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Saskatchewan Man Found Guilty for Promoting Antisemitism After B’nai Brith Canada Advocacy and Court Testimony

Travis Patron (CBC)

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Oct. 6, 2022

Estevan, Sask. –The former leader of the now-defunct Canadian Nationalist Party has been found guilty by a jury in southeast Saskatchewan of promoting hatred against Jews.

The decision comes years after B’nai Brith Canada advocacy led to an investigation and charges against Travis Patron, 29.

It took a jury in southeast Saskatchewan about an hour on Wednesday to decide the former leader of the now-defunct Canadian Nationalist Party was guilty of hate speech against Jewish people.

Patron is notorious for producing a video that referred to Jews as “the parasitic tribe.” He also advocated for the removal of Jews from Canada. In addition, he claimed that Jews control the media and Canada’s central bank, trying to perpetuate antisemitic tropes.

The charge and subsequent jury trial at Court of King’s Bench in Estevan, Sask. — about 200 kilometres southeast of Regina — came after the Royal Canadian Mounted Police investigated Patron in 2019.

“We are pleased with the conviction of this man following such blatant, offensive and appalling hate messages,” said Michael Mostyn, Chief Executive Officer of B’nai Brith Canada. “Patron advocated for the destruction of Canadian Jewry using dehumanizing language. His rhetoric is genocidal and we are grateful that the jury recognized the vile behaviour that our organization emphasized while seeking justice.”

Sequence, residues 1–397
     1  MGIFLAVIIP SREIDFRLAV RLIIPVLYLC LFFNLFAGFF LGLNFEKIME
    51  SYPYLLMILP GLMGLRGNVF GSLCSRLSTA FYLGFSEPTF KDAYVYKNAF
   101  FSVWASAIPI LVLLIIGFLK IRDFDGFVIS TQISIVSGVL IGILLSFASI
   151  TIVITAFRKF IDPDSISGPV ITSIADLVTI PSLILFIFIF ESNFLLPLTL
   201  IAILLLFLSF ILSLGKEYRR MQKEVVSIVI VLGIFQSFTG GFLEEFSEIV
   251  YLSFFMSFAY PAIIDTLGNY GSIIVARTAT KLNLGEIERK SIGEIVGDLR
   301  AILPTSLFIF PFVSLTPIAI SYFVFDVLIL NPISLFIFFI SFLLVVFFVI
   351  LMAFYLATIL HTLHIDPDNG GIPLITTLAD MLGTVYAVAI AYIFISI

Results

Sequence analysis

Crown prosecutor Ryan Snyder told the CBC that the video evidence spoke for itself in this trial.

He cited the testimony of a “woman from Ontario” who made a difference. The woman was associated with B’nai Brith Canada.

“You start out with what looks like a victimless crime. It’s hate speech on the internet — where’s the victim? And yet we heard from a complainant during the course of this trial who really brought home the fact that words do matter,” Snyder was quoted after court adjourned on Wednesday. “Her visceral reaction to the wild words that Mr. Patron put on the internet — that was a good reminder to me that hate speech has a victim and that it has a real impact on people.”

B’nai Brith previously issued a number of exposés regarding Patron’s activities. One resulted in a virtual office banning his group.

Snyder said court also heard from three other Crown witnesses: an RCMP criminal analyst who gathered the video evidence, a Mountie from Carlyle, Sask., who helped identify Patron in the video, and a Jewish history professor from Harvard University who broke down the meaning behind what was said in it.

Patron will return to court later this month for sentencing. B’nai Brith will keep you posted.